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What To Do When Leaders Grieve

…and we hid as it were our faces from him

He is despised and rejected of men; a man of sorrows, and acquainted with grief: and we hid as it were our faces from him; he was despised, and we esteemed him not. Isaiah 53:3

When a leader experiences a loss or goes through a tragedy, it affects both the leader and the follower. There are things the follower can do as well as some things the leader can do so that the experience is less difficult for both.

To the follower: Have you ever experienced watching someone you greatly admired and respected going through grief?

That person may have been a model of strength and courage, but then a tragedy occurred that caused that person to suffer great grief. You saw that person in a vulnerable time and in a way you had never seen him or her before. Was it embarrassing or uncomfortable for you? Watching someone so strong experience the weakness of grief is not easy.

The Bible describes Jesus as a man of sorrows and acquainted with grief. The Bible continues to explain that mankind hid their faces from Him. For a long time, I did not fully understand Isaiah 53:3. I took it to mean that Christ’s suffering was difficult to watch, and indeed it was. The more I studied the verse, the more convinced I was that it was not talking about His appearance. I believe this verse teaches that mankind hid their faces from Him because it is difficult to see someone grieve in such a manner.

Imagine having been there when they crucified Jesus. Watching His grief and His sorrow would be almost unbearable. The people there thought that He was the Messiah. They were waiting for Him to establish His kingdom and deliver them from bondage. They had great respect for Him. When they saw Him grieve, it changed everything. They saw Him as weak and vulnerable, and it caused them to hide their faces from Him.

When a leader goes through sorrow and grief, you must not allow yourself to avoid that leader. Everyone experiences grief. Grief is not always a pretty sight. When people observe it in someone they highly respect, it can cause them to hide from that person. You may not know how to respond or comfort your leader, so you hide. Leaders are no different from anyone else. The strongest man or woman will experience times of great grief.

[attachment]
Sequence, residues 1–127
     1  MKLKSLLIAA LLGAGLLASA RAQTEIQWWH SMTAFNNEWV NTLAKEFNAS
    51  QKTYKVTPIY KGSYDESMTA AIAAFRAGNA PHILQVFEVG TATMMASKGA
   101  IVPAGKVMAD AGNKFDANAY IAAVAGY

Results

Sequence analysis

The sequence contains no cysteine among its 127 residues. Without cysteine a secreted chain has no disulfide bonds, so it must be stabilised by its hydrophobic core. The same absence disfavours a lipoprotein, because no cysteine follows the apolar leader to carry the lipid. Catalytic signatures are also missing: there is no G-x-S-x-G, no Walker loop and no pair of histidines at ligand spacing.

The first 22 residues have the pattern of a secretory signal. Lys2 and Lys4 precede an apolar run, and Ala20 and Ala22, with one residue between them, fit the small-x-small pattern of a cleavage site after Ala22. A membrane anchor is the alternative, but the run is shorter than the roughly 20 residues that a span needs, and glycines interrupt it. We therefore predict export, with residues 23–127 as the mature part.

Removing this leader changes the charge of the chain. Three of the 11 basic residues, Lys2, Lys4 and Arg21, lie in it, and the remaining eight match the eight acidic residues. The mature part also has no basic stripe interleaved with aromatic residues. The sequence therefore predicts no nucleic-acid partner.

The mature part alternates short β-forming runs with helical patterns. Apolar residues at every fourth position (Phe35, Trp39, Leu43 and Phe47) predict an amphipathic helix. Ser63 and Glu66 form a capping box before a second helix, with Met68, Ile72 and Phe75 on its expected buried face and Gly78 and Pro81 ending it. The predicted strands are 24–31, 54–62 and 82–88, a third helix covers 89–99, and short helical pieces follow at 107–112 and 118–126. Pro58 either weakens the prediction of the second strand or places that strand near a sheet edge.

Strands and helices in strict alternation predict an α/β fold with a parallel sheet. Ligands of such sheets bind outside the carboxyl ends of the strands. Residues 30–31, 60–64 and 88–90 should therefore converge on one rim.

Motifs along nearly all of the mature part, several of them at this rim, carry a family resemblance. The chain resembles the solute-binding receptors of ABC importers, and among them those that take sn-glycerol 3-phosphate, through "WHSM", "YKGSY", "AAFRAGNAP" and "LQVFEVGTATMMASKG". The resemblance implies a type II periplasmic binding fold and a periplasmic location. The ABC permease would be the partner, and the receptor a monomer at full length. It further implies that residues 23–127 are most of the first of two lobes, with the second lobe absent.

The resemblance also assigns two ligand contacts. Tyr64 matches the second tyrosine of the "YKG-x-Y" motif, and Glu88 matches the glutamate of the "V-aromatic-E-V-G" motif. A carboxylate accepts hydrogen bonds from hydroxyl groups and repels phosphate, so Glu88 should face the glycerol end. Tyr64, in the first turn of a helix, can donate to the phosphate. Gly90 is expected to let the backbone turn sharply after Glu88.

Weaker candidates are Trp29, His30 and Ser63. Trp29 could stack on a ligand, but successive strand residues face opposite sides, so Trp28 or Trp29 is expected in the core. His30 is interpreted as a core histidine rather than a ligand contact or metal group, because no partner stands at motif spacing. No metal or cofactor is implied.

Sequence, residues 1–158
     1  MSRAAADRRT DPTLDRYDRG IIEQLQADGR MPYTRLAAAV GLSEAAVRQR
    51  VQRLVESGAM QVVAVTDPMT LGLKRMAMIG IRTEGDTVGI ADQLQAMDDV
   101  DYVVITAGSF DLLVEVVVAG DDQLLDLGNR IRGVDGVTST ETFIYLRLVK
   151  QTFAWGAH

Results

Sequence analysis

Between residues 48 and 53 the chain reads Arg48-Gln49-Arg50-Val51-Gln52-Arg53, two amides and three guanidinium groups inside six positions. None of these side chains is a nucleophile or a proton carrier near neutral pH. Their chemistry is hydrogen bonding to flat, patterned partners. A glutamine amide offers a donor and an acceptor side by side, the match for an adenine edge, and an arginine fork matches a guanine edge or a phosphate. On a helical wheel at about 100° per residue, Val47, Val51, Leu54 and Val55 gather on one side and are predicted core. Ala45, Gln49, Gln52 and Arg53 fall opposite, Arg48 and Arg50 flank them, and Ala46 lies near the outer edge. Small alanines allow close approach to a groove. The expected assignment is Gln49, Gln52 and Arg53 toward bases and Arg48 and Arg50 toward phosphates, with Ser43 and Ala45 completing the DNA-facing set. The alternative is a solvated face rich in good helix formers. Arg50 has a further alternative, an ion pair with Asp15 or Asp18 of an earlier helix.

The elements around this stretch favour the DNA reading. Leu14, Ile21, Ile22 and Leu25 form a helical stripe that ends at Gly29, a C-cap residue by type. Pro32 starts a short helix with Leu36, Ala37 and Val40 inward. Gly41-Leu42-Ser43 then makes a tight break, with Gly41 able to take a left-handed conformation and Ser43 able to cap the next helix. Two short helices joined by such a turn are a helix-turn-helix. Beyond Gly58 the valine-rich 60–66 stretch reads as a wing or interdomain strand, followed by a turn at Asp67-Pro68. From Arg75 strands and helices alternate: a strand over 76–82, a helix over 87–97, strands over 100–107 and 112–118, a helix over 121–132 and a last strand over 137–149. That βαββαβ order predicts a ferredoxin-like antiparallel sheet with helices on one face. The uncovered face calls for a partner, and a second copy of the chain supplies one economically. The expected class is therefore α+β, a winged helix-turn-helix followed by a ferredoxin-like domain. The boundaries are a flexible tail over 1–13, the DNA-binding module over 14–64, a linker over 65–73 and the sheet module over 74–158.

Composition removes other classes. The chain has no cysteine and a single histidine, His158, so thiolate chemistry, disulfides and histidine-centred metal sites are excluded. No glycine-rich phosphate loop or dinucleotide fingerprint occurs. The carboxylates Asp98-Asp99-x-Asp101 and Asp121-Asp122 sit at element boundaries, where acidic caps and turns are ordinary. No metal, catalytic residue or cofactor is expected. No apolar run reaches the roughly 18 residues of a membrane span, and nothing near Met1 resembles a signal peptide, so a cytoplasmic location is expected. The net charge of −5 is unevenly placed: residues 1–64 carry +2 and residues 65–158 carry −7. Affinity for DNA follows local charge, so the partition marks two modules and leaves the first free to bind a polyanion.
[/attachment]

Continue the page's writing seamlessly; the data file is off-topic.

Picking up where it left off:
When David was grieving the loss of his child, it brought significant discomfort to the people. The same was true when Absalom died. People became confused while David was grieving. Sometimes the strength of a ministry is lost because the people do not respond well to the leader’s grief. It is hard for them to watch their leader grieving. As a result, they distance themselves from that leader.

When your leader is going through grief, you must understand his humanity. Do not avoid him. When Job’s three friends turned against him, I am not sure it was because of the suffering he had endured as much as it was the grief he was exhibiting. They watched him in his grief and perceived it as weakness. As a result, these men judged him wrongly. You must not judge a leader when he is going through sorrow and grief. Please do not assume that grief is a punishment for sin. Experiencing a loss or going through a tragedy is not judgment but part of the human experience that will only be eliminated in eternity. The greatest among us grieve as much as those who follow them.